Mets and Carlos Correa are still in limbo; what could come next?

Buyer beware.

Nearly a week after owner Steve Cohen and the New York Mets agreed to a 12-year, $315 million contract with All-Star shortstop Carlos Correa, the two sides are still in limbo over the ‘questionable physical examination of field player. The extended silence from both Correa’s camp, Scott Boras’ agency, and the Mets suggests an impasse.

The pause in negotiations comes after the San Francisco Giants canceled their 13-year, $350 million deal with Correa over the same dispute over the shortstop’s physical. Last Tuesday, the Giants were moments away from introducing Correa in a highly anticipated press conference when the club’s concern about Correa’s surgically repaired right leg was reported.

The Mets are also concerned about Correa’s right leg, which required surgery in 2014 for a broken right fibula and ligament while the shortstop was playing in the minor leagues. Correa traveled to New York for his physical with the Mets last Thursday, an exhaustive process that lasted until Friday. On Saturday morning, The Athletic reported the Mets’ initial concern about Correa’s physicality, mirroring that of the Giants.

Still, there is optimism in the Mets front office that a deal can be completed with Correa despite concerns about his right leg. The Mets are currently focused on adding language to the contract that would save them money if Correa misses time with a related right leg injury during the term of his contract. But it is not yet clear whether Boras and Correa will agree to this arrangement.

Correa certainly has incentives to get a deal done with the Mets. If the franchise’s counteroffers are approved, it would open up the shortstop to additional scrutiny if and when a third team goes through another physical with him. If that third team again expresses concern about Correa’s much-talked-about right leg, it would only hurt his chances of securing a lucrative long-term contract.

Correa may have little choice but to re-sign with the Twins, who reportedly offered him a 10-year, $285 million contract this offseason. However, after both the Giants and Mets noted issues with Correa’s physicality, it’s unlikely the Twins’ original 10-year offer is still on the table. It’s more likely that if the Twins are one of the only teams left willing to sign the shortstop after two failed physicals, they’ll shorten the terms of the contract for fear of being stuck long-term with a potentially injured star player.

The Mets, like Correa, also have plenty of incentive to find a deal. Cohen’s $17.5 billion net worth, according to Forbes, has led to the most intense debate in sports history. The Mets have signed a slew of arms in ace Justin Verlander (two years, $86.7 million), Japanese import Kodai Senga (five years, $75 million), veteran slugger Jose Quintana ( two years, $26 million) and All-Star reliever David Robertson. (one year, $10 million).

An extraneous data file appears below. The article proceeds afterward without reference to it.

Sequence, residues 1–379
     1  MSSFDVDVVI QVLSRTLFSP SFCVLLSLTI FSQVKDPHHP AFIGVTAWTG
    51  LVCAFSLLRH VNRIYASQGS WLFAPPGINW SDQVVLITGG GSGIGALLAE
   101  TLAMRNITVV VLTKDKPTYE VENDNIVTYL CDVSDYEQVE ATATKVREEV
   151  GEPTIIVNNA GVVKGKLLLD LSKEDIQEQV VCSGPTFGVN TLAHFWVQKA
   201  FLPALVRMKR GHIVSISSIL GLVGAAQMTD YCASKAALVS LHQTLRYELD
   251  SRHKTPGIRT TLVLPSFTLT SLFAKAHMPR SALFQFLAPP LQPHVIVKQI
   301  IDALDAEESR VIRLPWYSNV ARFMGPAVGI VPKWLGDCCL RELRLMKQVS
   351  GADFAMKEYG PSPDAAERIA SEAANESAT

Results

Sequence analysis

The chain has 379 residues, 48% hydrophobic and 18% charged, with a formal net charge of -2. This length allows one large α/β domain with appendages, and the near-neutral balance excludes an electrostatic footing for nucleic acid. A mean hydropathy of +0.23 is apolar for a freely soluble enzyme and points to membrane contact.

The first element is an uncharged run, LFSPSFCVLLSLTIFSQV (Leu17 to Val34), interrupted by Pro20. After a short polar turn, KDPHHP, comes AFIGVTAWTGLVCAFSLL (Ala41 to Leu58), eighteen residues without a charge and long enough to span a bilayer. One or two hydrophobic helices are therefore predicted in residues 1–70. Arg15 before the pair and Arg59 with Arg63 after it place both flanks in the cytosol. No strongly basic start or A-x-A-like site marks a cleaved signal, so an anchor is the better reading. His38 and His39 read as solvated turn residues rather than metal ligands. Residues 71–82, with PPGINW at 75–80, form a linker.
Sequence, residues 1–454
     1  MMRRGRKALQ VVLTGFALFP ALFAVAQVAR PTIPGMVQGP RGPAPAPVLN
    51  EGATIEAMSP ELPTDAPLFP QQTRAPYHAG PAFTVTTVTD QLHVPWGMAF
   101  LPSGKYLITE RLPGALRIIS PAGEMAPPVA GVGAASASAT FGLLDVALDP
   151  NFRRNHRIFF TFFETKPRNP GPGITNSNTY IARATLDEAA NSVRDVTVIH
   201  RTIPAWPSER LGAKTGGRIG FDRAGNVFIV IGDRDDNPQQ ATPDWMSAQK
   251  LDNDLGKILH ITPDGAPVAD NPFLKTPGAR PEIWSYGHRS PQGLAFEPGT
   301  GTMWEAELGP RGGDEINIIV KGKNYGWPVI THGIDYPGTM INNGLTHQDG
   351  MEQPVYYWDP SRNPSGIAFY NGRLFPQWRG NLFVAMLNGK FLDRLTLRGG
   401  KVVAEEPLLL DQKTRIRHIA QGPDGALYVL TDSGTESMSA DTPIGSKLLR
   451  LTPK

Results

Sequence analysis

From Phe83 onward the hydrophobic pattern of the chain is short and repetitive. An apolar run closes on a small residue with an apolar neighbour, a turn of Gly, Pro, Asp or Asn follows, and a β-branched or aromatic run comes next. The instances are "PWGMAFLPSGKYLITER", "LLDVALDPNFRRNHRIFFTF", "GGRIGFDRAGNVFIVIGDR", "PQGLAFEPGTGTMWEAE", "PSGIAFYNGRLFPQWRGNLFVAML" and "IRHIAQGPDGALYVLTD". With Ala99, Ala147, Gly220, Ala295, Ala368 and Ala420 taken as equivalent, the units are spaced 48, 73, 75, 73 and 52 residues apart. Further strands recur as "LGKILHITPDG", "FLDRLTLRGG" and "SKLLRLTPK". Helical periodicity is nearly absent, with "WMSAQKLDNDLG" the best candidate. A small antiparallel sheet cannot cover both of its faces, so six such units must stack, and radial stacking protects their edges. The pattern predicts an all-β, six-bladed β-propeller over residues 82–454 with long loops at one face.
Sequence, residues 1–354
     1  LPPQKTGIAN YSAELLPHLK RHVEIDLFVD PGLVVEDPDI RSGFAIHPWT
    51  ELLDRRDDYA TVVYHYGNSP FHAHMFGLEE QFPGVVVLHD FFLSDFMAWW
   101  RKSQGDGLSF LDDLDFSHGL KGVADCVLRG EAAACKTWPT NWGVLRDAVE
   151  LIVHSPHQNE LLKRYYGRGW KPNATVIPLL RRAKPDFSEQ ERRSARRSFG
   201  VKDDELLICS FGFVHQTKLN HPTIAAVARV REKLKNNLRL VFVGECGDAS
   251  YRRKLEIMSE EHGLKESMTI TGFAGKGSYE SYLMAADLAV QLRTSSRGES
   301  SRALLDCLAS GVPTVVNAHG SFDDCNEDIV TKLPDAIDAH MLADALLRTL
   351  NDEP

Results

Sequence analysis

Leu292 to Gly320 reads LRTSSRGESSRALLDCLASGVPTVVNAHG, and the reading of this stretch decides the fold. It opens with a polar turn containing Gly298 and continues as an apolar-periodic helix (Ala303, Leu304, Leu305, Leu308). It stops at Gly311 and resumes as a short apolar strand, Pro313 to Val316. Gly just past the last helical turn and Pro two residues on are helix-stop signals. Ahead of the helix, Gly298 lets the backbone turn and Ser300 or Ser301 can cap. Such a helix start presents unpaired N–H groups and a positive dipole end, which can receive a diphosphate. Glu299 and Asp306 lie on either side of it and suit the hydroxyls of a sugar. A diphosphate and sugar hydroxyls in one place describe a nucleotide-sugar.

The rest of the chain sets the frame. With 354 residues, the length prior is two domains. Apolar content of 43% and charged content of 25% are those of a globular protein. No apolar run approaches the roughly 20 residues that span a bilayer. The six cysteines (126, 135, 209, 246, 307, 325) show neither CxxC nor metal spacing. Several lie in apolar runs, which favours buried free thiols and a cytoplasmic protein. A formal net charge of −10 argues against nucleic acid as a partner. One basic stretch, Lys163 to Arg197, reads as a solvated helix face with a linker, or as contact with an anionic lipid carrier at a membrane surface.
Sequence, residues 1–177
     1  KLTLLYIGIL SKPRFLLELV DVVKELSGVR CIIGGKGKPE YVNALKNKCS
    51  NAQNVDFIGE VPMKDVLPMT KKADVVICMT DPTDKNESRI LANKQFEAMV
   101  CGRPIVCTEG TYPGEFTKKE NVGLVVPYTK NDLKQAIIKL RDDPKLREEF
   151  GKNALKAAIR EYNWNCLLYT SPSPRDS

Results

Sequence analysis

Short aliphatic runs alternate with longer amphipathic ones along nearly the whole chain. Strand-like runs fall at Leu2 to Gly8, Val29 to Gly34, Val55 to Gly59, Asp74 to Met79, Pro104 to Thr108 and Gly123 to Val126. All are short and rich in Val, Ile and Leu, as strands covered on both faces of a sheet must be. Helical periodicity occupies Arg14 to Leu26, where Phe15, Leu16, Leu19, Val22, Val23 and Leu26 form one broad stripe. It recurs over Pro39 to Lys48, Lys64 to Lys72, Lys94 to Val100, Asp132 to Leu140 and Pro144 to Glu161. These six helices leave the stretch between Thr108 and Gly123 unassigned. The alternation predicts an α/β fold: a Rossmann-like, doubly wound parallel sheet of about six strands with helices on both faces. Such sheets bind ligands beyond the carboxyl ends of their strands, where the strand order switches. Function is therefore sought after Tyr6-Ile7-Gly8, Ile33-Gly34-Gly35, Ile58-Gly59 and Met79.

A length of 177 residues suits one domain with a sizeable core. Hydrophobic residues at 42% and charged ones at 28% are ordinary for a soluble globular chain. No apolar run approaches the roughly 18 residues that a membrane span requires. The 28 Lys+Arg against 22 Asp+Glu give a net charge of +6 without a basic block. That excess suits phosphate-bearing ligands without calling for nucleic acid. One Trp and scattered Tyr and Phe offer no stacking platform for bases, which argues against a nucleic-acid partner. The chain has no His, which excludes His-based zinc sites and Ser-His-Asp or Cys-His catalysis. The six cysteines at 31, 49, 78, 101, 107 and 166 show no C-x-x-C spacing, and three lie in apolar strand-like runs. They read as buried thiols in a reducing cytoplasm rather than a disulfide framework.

But aside from re-signing first baseman Brandon Nimmo (eight years, $162 million), the Mets have yet to significantly improve their offense. Mets bats produced the third-best wRC+ (116) in baseball last season, as well as the sixth-highest OPS (.744) and fifth-most runs scored (772). But there was a lot to be desired from the hot corner. The Mets’ third basemen, a combination of Eduardo Escobar, Luis Guillorme and rookie Brett Baty, posted a .234/.289/.419 slash line in 2022, ranking 18th in the MLB at third base.

That’s where Correa would come in, moving to third base for the Mets. If the Mets can get the deal done in goal, it would certainly make them heavy favorites to win the NL East. But forget about winning the division. These Mets, who may have an MLB record breaking $384 million payroll with Correa on the roster, are World Series or bust. Even if the Correa deal falls through, the Mets will still have the highest payroll this sport has ever seen, but their offense won’t be as strong as it would be with Correa at third base.

For all the reasons listed here, it remains in the best interest of Correa and the Mets to reach a deal. Whether that will include a right leg injury safety net built into the contract or a short-term deal remains to be seen. But we should expect the two sides to agree on a decision before the calendar changes to 2023.

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Deesha Thosar is an MLB writer for FOX Sports. She previously covered the Mets as a reporter for the New York Daily News. Follow her on Twitter at @Deesha Thosar.

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